An extra birthday surprise

The ladies are presented with roses and then later the staff at Remy sends a box of chocolates to your stateroom. It’s like the fun (and calories) never really stop.

A red rose to end the evening

A red rose to end the evening

Box of Remy chocolates

Box of Remy chocolates

Our box of chocolates actually didn’t arrive in our stateroom as they typically do. A couple days later I actually asked guest services if they still send the chocolates just to be sure, and then the staff at Remy apologized and sent them down. I guess it was one very small slipup in an otherwise perfect meal.

Overall

In addition to the outstanding food and atmosphere at Remy, I can’t say enough about the exceptional staff. Our server and all the other staff we encountered were very friendly and down-to-Earth without sacrificing professionalism. Especially when I wandered around to take pictures, they were so accommodating and even pointing out features I should highlight that I hadn’t even noticed myself, like some of the hidden Remy details.

I truly believe that a meal at Remy is the best you can get at sea and if you’re over 18 and willing to throw a few extra bucks Disney’s way. It’s great for special occasions or for anyone who simply loves food. Pixar’s Ratatouille is so brilliantly woven into the theme here that even with my experience and knowledge with Disney Imagineering it still manages to blow me away. Disney has done Remy proud with this exquisite restaurant in his honor.

Victoria is a Minnie Mouse-obsessed Disney enthusiast and food blogger at Mission: Food. She’s a classically trained cook with a soft-spot for cooking up Disney favorites in her kitchen when she isn’t park-hopping or sailing away on Disney Cruises.

I’m ready to book a Disney Cruise. How about you? Share your Remy experiences with us!

Comments

  1. Jamie Jones says

    So if my husband and I wanted to do Remy while on the cruise we pay how much more? Was there an up-charge for the champagne or was that included in the meal price? Thanks.

  2. Tara says

    I did Remy on the Dream a few weeks ago. Our truffles in a box were presented to us at the end of the meal with the lollipops.

    To answer Jamie’s questions, it’s $75 per person extra. A wine pairing menu was an extra $105. We were given a champagne cocktail as part of our meal.

  3. Natalie says

    I agree with Kim! Such an amazing value for a wonderful meal. When almost everything is included on the ship, I can splurge for a nice dinner. Remy was fabulous, the service was fantastic! Victoria and Albert’s with the added pleasure of dining on a cruise ship! Could not rave enough about the meal. Interesting to see new dishes since my cruise on the Dream in 2013.

  4. Michelle P says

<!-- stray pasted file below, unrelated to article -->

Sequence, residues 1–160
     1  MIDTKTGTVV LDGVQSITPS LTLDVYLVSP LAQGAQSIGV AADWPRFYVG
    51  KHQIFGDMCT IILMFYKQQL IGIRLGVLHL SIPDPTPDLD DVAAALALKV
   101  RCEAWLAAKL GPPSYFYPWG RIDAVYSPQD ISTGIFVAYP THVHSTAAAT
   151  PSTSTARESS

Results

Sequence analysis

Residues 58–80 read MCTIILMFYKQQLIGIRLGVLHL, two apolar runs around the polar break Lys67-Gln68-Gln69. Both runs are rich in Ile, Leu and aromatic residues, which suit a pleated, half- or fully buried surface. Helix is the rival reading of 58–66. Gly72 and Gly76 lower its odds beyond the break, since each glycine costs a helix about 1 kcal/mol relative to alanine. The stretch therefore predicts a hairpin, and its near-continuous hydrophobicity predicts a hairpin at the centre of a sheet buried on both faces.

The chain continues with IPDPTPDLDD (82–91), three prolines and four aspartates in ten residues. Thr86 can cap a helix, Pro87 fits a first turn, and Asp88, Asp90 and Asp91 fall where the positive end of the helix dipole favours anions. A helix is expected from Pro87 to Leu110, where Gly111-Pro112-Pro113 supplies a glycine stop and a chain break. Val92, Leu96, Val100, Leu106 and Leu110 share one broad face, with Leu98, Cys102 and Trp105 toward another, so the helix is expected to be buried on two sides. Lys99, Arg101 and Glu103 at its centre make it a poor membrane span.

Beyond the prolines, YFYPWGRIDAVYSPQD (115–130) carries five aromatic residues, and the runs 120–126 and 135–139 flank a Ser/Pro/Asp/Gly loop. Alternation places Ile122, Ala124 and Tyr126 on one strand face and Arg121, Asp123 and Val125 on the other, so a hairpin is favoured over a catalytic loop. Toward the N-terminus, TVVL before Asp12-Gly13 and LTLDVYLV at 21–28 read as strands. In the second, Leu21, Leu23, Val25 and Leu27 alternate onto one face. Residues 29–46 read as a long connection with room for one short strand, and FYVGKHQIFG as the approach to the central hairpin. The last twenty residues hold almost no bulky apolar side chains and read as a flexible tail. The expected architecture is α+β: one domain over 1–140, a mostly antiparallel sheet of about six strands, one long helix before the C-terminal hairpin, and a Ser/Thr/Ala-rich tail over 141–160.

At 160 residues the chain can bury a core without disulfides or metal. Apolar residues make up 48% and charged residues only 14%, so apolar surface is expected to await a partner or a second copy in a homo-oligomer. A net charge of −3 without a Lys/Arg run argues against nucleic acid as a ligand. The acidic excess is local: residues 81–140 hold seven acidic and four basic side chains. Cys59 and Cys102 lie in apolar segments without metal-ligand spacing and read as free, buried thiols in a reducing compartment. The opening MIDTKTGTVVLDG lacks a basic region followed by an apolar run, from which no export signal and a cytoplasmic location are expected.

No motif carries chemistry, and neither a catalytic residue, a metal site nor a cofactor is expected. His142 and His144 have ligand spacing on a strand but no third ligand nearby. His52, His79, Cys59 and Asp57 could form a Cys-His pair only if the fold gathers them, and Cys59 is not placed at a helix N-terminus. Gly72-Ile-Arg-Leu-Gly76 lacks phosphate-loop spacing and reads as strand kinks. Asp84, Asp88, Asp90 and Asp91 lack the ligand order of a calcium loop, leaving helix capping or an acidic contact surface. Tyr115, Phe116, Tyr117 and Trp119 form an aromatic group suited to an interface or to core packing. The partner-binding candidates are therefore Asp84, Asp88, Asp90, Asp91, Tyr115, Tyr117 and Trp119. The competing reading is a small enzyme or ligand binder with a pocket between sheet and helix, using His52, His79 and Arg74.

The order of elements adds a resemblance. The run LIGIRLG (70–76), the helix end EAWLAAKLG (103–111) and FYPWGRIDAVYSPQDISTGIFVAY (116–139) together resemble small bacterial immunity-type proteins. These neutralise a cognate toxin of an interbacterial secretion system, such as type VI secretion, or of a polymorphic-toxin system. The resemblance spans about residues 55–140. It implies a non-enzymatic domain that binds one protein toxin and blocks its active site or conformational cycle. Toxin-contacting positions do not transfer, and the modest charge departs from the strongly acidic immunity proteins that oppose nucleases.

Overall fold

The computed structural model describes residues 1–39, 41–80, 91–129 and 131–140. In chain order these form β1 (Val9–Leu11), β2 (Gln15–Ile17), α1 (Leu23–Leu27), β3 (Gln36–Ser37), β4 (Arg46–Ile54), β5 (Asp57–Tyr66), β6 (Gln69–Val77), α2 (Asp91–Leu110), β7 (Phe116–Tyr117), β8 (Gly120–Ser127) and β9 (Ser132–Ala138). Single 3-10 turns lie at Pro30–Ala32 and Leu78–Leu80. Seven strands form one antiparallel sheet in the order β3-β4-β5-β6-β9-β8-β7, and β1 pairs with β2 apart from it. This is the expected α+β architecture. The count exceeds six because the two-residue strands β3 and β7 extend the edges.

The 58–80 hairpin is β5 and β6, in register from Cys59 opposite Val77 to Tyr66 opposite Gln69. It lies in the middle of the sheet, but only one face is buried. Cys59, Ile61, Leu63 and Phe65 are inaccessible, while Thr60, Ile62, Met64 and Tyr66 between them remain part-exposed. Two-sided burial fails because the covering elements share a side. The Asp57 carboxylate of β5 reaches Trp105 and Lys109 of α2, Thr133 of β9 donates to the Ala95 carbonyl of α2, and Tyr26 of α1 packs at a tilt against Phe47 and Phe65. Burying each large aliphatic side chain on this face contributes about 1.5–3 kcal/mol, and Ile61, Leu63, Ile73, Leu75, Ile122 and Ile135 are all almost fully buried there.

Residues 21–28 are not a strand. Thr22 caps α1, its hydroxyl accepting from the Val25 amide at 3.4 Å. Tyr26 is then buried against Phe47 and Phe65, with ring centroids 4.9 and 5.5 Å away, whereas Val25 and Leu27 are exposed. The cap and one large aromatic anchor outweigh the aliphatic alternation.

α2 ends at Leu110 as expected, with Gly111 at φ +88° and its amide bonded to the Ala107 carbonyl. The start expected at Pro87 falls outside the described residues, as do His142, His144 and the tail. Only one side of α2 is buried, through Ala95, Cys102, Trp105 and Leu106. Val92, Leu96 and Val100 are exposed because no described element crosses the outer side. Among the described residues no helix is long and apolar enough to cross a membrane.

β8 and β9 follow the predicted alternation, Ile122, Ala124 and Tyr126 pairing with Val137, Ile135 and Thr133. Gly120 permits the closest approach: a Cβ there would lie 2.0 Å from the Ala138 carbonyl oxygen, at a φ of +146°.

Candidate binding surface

I’m another Remy fan! When I had the pleasure of dining, I was dining solo – and it was one of the most wonderful experiences ever! Quite often, servers don’t know what to do with a solo diner. They either try to be your best friend and keep you company the whole time because since you’re by yourself you OBVIOUSLY must be lonely and need company – or they try to hurry you through and barely speak because they assume if you’re by yourself, then you don’t want to talk to anyone. However, my server at Remy found the perfect balance of being friendly, being there when I needed him and leaving me alone to enjoy the view and meal. and then the food – OH MY!! It’s well-worth the splurge!

  5. Heather says

    I know this is going to sound rather odd, but,… We do not drink. Is there a way to forego the Colette at the beginning? Is it something that they will still do even if we don’t want it? And my other question is, has anybody done both the brunch and the dinner and can tell me which would be the better one to go to? I LOVE breakfast foods, but I would also love to see this restaurant in it’s element at dinner time. Any ideas?

  6. It's OK says

    Heather, you are a guest of the restaurant – if you request an alcohol-free experience the staff will happily oblige. They are there to make sure that your evening is perfect. If you say that you don’t drink you may be given a non-alcoholic alternative to open the meal, such as a sparkling soft cider. Either way it will not be awkward and you will certainly not be pressured into drinking alcohol. Fine dining staff understand all kinds of dietary restrictions and preferences and will still make your evening a perfect one.

    (I don’t work at/for Remy – I just really like it!)

  7. Frank Turner says

    We dined at Remy this past Sunday. The food, wine pairing, service, attention to detail, and atmosphere were simply amazing. We have dined at Victoria and Albert’s as well and the relationship between the two were obvious. No one should miss this experience on the ship. This will be one of the best meals we’ve ever had.

  8. Arleta says

    I’m looking to book reservations at Remy for my cruise celebrating my wedding anniversary on the Fantasy in Sept. Is the wine pairing an additional $105 on top of the $80 per person?

  9. Rahul says

    Hi All

    I am not sure if “wine pairing” 105 dollars should have been mentioned more clearly on their menu. We found the menu item as “wine pairing 105″ and we happily selected that. When we got the cheque, we got completely shocked as it was 105 EXTRA!! Couldn’t have they written it more clearly?Any comments welcome.

  10. Jeff says

    105 of course is clear. If that price isn’t for one person then is it for 4 or 6 person parties. Some of the wines we tried were 2-400 bottles.